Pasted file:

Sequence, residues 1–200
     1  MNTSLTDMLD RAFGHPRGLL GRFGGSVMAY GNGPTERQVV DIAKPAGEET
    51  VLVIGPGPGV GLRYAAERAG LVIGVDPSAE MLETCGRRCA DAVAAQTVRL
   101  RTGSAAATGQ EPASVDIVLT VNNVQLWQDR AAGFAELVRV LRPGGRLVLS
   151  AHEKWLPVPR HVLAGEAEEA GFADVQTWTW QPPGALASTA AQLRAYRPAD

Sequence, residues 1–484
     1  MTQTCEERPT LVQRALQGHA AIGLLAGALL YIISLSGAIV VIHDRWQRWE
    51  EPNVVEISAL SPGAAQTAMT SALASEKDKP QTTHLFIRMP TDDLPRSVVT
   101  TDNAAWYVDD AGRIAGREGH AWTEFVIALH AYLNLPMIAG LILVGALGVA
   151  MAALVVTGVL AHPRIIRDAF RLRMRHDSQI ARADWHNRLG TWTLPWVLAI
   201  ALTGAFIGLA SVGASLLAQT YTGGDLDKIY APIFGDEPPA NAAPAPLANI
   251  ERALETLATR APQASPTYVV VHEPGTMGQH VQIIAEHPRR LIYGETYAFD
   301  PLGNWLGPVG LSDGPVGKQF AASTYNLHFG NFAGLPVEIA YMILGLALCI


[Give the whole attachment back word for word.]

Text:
Sequence, residues 1–200
     1  MNTSLTDMLD RAFGHPRGLL GRFGGSVMAY GNGPTERQVV DIAKPAGEET
    51  VLVIGPGPGV GLRYAAERAG LVIGVDPSAE MLETCGRRCA DAVAAQTVRL
   101  RTGSAAATGQ EPASVDIVLT VNNVQLWQDR AAGFAELVRV LRPGGRLVLS
   151  AHEKWLPVPR HVLAGEAEEA GFADVQTWTW QPPGALASTA AQLRAYRPAD

Sequence, residues 1–484
     1  MTQTCEERPT LVQRALQGHA AIGLLAGALL YIISLSGAIV VIHDRWQRWE
    51  EPNVVEISAL SPGAAQTAMT SALASEKDKP QTTHLFIRMP TDDLPRSVVT
   101  TDNAAWYVDD AGRIAGREGH AWTEFVIALH AYLNLPMIAG LILVGALGVA
   151  MAALVVTGVL AHPRIIRDAF RLRMRHDSQI ARADWHNRLG TWTLPWVLAI
   201  ALTGAFIGLA SVGASLLAQT YTGGDLDKIY APIFGDEPPA NAAPAPLANI
   251  ERALETLATR APQASPTYVV VHEPGTMGQH VQIIAEHPRR LIYGETYAFD
   301  PLGNWLGPVG LSDGPVGKQF AASTYNLHFG NFAGLPVEIA YMILGLALCI